Missing link delivered on medicinal cannabis

Missing link delivered on medicinal cannabis

Canberra could be producing its first legal cannabis plants within months after the ACT government praised the federal government for filling the missing link in providing medicinal cannabis.

Greens minister Shane Rattenbury said he would introduce legislation to establish an ACT scheme for the cultivation and supply of medicinal cannabis after federal Health Minister Sussan Ley announced on Friday she was finalising changes to the Narcotics Drugs Act.

Ms Ley said the government's planned changes would allow the Department of Health to licence growers under a new scheme, with obligations and legal requirements for states and territories.

Mr Rattenbury, whose draft legislation led to an Assembly review of the issue released this year, said it was a significant move forward and highlighted how fast community opinions had changed on the issue.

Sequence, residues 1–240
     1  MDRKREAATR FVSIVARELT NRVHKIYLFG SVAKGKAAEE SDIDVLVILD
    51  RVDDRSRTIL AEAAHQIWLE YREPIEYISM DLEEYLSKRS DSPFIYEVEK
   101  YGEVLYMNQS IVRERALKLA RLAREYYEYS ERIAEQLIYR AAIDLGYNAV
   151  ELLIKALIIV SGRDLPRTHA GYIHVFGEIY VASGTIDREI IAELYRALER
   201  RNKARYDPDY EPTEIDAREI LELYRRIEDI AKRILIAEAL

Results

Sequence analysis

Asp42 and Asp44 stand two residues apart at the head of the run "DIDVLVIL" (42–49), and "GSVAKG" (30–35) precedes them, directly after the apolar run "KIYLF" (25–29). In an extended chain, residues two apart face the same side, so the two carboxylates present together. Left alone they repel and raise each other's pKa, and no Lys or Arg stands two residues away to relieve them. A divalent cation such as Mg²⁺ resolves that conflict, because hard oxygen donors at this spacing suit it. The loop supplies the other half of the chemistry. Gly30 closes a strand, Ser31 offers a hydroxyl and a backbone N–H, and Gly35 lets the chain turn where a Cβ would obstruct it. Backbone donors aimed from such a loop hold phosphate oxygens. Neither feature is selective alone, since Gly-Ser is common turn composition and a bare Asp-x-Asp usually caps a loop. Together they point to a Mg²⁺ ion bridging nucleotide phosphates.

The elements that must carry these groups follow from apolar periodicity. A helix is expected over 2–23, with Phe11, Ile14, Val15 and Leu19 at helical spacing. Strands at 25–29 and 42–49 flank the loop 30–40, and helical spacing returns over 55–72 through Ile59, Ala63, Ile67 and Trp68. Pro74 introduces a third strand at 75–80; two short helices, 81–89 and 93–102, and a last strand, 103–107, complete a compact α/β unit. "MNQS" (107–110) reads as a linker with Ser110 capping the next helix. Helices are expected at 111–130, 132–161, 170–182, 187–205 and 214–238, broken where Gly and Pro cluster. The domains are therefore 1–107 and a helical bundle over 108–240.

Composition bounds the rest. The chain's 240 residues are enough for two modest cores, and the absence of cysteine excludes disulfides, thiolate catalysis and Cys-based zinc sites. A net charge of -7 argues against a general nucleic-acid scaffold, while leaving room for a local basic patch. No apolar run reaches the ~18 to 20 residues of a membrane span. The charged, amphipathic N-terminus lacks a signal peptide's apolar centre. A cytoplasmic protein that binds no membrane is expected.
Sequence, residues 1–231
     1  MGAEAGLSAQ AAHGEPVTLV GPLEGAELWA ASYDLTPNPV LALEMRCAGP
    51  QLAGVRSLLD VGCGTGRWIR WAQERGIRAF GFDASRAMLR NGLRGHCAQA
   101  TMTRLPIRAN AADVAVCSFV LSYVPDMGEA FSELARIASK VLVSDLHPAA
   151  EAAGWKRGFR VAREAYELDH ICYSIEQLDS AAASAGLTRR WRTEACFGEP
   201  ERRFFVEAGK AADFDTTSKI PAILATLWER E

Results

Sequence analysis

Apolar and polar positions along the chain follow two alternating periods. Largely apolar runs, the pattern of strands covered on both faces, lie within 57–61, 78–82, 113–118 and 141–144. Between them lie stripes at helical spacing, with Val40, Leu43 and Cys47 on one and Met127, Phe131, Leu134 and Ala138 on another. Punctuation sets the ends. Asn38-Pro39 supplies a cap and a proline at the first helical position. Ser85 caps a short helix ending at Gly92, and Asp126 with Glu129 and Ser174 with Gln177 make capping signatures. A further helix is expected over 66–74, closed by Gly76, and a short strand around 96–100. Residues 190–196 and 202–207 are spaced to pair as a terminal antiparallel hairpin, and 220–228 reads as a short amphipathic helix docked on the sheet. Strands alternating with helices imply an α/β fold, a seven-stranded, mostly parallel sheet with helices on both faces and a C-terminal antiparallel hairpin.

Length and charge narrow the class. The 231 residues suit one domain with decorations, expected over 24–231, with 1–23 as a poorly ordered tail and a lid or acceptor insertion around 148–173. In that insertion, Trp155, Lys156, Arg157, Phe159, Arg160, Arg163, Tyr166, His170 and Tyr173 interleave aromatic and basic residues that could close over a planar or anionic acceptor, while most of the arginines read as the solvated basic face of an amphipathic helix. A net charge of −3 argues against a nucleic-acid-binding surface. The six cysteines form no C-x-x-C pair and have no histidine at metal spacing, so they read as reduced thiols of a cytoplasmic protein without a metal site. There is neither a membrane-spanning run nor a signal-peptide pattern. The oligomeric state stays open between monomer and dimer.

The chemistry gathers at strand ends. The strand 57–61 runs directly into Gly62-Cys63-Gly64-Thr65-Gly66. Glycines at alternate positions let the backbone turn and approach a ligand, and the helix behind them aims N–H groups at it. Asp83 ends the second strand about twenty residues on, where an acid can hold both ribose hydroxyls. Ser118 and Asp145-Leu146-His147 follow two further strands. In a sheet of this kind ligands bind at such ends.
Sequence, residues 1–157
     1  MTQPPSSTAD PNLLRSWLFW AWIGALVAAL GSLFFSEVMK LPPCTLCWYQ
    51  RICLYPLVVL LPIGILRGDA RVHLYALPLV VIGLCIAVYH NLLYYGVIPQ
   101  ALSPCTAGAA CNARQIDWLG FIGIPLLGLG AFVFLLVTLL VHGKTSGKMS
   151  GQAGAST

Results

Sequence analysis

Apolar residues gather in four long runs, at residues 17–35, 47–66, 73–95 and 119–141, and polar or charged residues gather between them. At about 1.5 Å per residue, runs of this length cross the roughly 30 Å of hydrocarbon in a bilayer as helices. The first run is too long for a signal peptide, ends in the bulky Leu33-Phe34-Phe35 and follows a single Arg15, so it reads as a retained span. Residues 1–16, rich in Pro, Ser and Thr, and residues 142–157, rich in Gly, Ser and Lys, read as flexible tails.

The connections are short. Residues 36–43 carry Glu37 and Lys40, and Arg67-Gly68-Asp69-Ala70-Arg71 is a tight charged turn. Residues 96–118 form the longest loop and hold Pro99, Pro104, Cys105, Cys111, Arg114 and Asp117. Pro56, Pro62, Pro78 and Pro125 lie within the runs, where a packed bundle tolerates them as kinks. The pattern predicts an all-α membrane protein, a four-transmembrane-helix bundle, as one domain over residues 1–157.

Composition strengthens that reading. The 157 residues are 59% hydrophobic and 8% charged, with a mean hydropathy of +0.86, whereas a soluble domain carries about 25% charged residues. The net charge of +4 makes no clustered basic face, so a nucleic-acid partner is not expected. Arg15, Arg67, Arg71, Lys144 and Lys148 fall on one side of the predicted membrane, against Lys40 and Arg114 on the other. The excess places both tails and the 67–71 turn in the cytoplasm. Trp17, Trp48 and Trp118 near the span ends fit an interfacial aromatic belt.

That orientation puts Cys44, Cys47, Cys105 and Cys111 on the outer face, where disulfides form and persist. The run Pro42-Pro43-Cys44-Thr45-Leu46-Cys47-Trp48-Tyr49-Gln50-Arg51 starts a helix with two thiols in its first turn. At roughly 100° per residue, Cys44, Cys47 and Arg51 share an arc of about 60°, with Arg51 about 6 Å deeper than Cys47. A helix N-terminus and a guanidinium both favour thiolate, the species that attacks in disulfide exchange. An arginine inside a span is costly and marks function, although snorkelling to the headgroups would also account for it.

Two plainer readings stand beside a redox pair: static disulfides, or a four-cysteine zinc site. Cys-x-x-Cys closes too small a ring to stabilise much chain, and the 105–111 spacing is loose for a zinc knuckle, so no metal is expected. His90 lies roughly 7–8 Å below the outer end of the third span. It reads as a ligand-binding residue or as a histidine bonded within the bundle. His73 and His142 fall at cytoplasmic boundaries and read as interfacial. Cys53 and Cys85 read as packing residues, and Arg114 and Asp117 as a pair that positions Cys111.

"Federal laws have always prevented the ACT from setting up a formal model for cultivation and supply of medicinal cannabis," he said.


"While it would be preferable that a federal agency managed the supply of medicinal cannabis so that all Australians could access it if needed, the announced changes should at least remove barriers to a local scheme.

"I would hope that my Assembly colleagues would support a model that will give suffering Canberrans access to this potentially life-changing treatment."

He said the ACT should also look quickly at options to set up up a medicinal cannabis cultivation industry.

An ACT government spokesman said the federal green light to allow for the cultivation was a long-term sticking point.

"In light of this announcement the ACT will now be considering its next steps, in relation to already proposed legislation and any other related issues," he said.

Mr Rattenbury said his model would be broadly similar to one put forward by the Victorian Labor government. He said the issue of supply had been the greatest weakness highlighted by the committee report, which recommended no action this year.

"We need to do it as soon as possible, there are people right now who would benefit immediately from this scheme," he said.

Reporter at The Canberra Times

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